• David Felson, MD, MPH, Boston University School of Medicine, Clinical Research Training Unit, Boston, MA

 

About the ACR/ARHP Annual Meeting

The ACR/ARHP Annual Meeting is the premier meeting in rheumatology. With more than 450 sessions and thousands of abstracts, if offers a superior combination of basic science, clinical science, tech-med courses, career enhancement education and interactive discussions on improving patient care. For more information about the meeting, visit https://www.rheumatology.org/Annual-Meeting, or join the conversation on Twitter by following the official #ACR17 hashtag.

About the American College of Rheumatology

The American College of Rheumatology is an international medical society representing over 9,400 rheumatologists and rheumatology health professionals with a mission to empower rheumatology professionals to excel in their specialty. In doing so, the ACR offers education, research, advocacy and practice management support to help its members continue their innovative work and provide quality patient care. Rheumatologists are experts in the diagnosis, management and treatment of more than 100 different types of arthritis and rheumatic diseases. For more information, visit http://www.rheumatology.org.

What Causes the Lasting Insult in Knee OA?

Dec 6, 2014

Interview originally appeared on December 5, 2014 | ACR 2014, Arthritis, Osteoarthritis, Rheumatologic Pain

Watch the video here

 

By Tuhina Neogi MD

Rheumatology Network

For some patients with knee osteoarthritis, pain signals are centralized and become more intense, rather than waning with time. Is this caused by continuing injury to the damaged knee, or is inflammation more prominent?

In this video, researcher Tuhina Neogi of Boston University School of Medicine describes research presented at the 2014 annual meeting of the American College of Rheumatology that addressed this question by assessing specific signs of inflammation (synovitis and effusion on MRI) and noninflammatory tissue injury (bone marrow lesions) with relation to the development of central sensitization of pain.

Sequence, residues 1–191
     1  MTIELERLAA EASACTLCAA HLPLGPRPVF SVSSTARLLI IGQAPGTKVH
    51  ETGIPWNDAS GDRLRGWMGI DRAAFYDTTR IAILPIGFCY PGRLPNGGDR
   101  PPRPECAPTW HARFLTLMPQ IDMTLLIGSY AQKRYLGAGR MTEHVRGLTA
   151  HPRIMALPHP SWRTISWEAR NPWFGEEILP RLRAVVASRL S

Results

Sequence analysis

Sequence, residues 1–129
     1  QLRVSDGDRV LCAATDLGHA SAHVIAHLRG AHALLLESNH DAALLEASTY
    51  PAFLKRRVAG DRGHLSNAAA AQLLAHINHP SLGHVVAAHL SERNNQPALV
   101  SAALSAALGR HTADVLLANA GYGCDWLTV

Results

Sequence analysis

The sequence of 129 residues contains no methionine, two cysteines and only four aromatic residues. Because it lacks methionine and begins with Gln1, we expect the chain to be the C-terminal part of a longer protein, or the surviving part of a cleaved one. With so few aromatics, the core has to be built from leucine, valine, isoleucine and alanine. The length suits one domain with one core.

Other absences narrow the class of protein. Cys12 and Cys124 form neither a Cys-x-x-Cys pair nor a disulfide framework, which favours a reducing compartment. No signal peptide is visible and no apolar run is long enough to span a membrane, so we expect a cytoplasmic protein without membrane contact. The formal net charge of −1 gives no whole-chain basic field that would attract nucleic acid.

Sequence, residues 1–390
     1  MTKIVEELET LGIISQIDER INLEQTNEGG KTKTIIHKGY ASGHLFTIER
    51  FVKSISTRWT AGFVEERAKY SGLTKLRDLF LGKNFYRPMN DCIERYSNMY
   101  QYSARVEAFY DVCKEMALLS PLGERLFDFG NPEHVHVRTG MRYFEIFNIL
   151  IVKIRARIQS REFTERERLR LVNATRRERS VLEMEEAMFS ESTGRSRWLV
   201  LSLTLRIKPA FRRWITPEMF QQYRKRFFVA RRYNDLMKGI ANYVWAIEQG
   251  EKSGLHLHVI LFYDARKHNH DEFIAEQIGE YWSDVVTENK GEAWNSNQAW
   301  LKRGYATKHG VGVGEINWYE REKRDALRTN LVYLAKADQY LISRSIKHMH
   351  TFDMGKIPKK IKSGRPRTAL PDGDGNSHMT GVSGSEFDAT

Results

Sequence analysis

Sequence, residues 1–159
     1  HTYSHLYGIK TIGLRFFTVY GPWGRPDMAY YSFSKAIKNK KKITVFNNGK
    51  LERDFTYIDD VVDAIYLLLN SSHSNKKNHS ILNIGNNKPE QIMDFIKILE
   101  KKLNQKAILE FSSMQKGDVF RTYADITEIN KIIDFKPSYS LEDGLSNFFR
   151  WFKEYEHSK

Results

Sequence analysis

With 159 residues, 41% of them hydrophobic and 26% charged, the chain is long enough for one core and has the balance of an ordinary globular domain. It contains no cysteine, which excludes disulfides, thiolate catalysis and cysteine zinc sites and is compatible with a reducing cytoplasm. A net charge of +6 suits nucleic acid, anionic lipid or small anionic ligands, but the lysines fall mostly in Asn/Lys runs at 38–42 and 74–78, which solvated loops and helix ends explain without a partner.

An Associate Professor at Boston University School of Medicine, Dr. Neogi studies the epidemiology of rheumatic disease.

The questions:

You’ve been looking at the causes of sensitization of knee osteoarthritis pain. How do you define sensitization?

Can you tell us about the study that you presented at the ACR?

We’ve heard a lot lately about the fact that rheumatologists are able to address inflammation but they’re not so able to address pain. Do you think your findings have any practical implications with regard to what rheumatologists are or are not able to do?

If your listeners want to look for the next paper that carries this research forward, what might its title be? What should they be looking for?

Key quotes:

We and others have demonstrated that sensitization is associated with increased pain severity … and change in pain over time. But what we didn’t know is what causes sensitization in knee OA.

Inflammation likely contributes to sensitization in knee osteoarthritis, whereas bone marrow lesions do not appear to do so. Therefore, bone marrow lesions likely contribute to pain through other mechanisms.

We need to do some more studies to see if intervening early on these parameters of inflammation has an effect.

I think overall the take-home message for clinicians is that pain is a multifactorial symptom and we need to move more towards mechanism-based pain management that’s not a one-size-fits-all for everyone. … We cannot just say “This is the first step. This is the second step.” It has to become more personalized.

References:

Neogi T, Nevitt MC, Scholz J, et al. Effect of Synovitis, Effusion and Bone Marrow Lesions on Development of Sensitization in Knee OA: The Multicenter Osteoarthritis Study ACR Abstract #2783, 2014 66:S1306. Abstract Supplement, 2014 ACR/ARHP Annual Meeting